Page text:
Effect of Sex and Age on Serum Biochemical Reference Ranges in C57BL/6J Mice
Abstract:The C57BL/6J mouse strain is widely used as a common genomic background for many gene-modified murine models. However, few data on its clinical biochemistry are available. Therefore, we conducted a study to provide new protocols for serum biochemical screening and developed the reference range for a set of 13 analytes that pertain to lipoprotein metabolism, electrolyte balance, and data reflecting function of the heart, liver, kidneys, and pancreas. Male and female mice were studied, and blood samples were obtained at six and 20 weeks of age. Of 13 parameters studied, 12 were affected by age and sex. Briefly, male mice had higher triglycerides, cholesterol, high-density lipoprotein cholesterol, glucose, and amylase values. With age, mice of both sexes developed higher triglycerides and glucose concentrations, as well as aspartate and alanine transaminase activities. A significant difference between mice and humans was noted for amylase activity, which is extremely high in this healthy mouse strain. Therefore, we suggest that caution should be taken when data are interpreted to indicate gastrointestinal disease in murine models. The reference values for murine clinical biochemical analytes obtained during the study reported here should be useful for characterizing the biochemical phenotype of experimental mice.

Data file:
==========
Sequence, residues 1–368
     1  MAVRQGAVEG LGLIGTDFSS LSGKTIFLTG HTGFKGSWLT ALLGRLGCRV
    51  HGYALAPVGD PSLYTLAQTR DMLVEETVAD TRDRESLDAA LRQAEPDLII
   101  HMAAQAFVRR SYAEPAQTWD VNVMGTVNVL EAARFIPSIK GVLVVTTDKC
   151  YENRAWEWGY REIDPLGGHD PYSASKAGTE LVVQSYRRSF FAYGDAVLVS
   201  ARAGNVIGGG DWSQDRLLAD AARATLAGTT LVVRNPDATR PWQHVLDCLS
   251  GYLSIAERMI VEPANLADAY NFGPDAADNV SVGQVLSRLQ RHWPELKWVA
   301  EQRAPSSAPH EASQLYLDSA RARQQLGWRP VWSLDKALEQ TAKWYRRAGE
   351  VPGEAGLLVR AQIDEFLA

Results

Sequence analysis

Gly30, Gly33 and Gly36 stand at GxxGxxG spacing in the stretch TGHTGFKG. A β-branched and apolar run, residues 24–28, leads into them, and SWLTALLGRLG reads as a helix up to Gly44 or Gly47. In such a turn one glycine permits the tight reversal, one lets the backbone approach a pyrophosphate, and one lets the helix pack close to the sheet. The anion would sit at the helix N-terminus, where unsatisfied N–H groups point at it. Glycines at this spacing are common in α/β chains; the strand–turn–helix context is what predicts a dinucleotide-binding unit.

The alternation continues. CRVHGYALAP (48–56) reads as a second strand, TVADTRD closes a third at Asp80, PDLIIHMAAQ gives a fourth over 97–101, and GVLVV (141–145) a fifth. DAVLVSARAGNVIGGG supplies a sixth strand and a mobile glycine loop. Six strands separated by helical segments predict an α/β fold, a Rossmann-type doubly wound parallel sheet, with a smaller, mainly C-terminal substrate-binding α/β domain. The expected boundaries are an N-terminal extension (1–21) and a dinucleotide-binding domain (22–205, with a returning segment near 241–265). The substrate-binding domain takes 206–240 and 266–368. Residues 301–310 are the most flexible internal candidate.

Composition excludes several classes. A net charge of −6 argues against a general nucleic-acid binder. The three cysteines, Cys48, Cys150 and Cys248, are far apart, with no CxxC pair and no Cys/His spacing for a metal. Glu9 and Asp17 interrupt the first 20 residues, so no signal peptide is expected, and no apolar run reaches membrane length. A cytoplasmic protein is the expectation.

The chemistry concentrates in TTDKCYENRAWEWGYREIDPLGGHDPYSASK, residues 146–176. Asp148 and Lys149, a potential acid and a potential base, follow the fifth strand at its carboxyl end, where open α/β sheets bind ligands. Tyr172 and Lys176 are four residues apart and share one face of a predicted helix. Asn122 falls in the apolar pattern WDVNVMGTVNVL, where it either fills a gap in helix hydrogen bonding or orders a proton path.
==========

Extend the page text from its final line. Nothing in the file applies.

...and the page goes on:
Document Type: Research Article
Affiliations: Centre for Molecular Medicine L8:03, Department of Medicine, Karolinska Hospital, S-17176 Stockholm, Sweden
Publication date: April 1, 2004
Comparative Medicine (CM), an international journal of comparative and experimental medicine, is the leading English-language publication in the field and is ranked by the Science Citation Index in the upper third of all scientific journals. The mission of CM is to disseminate high-quality, peer-reviewed information that expands biomedical knowledge and promotes human and animal health through the study of laboratory animal disease, animal models of disease, and basic biologic mechanisms related to disease in people and animals.
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